In another sign that the hot Southland housing market is throttling down, homes here are staying on the market longer lately. The share of houses that have been listed for sale for at least two months climbed in the Los Angeles, Orange County, Inland Empire and Ventura regions of Southern California compared with a year ago, according to an analysis by real estate website Trulia . Thanks to perennially tight supply, Southern California housing...
BUSINESS
March 26, 2012 | By Don Lee
Despite the recent pickup in job gains, Federal Reserve Chairman Ben S. Bernanke offered a cautious assessment of the labor market and suggested that he would press the Fed to continue or expand the central bank's easy-money policies to ensure further improvements in the unemployment rate.   In a speech Monday at an economics conference, Bernanke maintained that conditions in the job market remain "far from normal," with total hours of work and the number of people working still well below pre-recession levels.
BUSINESS
December 14, 2009 | By Don Lee
The unemployment rate dropped last month for men and women, blacks and whites, lifting hopes that the long dry spell in the jobs market may be coming to an end. But for recent college graduates and other young adults, the labor situation didn't just remain dire -- it got worse. For 20- to 24-year-olds, the jobless rate rose four-tenths of a percent to 16% in November, even as unemployment nationally slipped to 10% from 10.2%. And data from the Labor Department show that the unemployment figure for college graduates in that age group was 10.6% in the third quarter -- the highest since early 1983 and more than double the rate for older college-educated workers.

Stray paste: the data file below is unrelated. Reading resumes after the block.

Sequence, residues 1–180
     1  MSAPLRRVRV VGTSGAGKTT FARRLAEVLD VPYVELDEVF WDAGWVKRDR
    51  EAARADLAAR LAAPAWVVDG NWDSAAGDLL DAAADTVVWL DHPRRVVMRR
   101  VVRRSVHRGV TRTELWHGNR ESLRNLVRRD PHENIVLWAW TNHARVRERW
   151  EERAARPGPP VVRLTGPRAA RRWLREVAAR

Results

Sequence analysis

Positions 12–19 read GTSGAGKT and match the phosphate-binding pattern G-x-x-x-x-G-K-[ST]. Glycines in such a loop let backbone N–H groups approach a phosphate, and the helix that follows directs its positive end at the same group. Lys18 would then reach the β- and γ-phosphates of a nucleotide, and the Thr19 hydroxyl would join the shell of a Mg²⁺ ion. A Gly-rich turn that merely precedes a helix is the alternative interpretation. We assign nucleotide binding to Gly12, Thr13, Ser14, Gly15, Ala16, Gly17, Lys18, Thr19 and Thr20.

BUSINESS
June 29, 2010 | By Shan Li, Los Angeles Times
A summer job is a traditional rite of passage for most teens, but this year that may be passing them by. Nationwide, teens are facing the most difficult summer hiring season in decades, experts say. The unemployment rate for 16- to 19-year-olds hovered at 26.4% last month — the highest May figure since the Bureau of Labor Statistics began tracking it in 1948 — as older workers continued snapping up jobs normally held by the...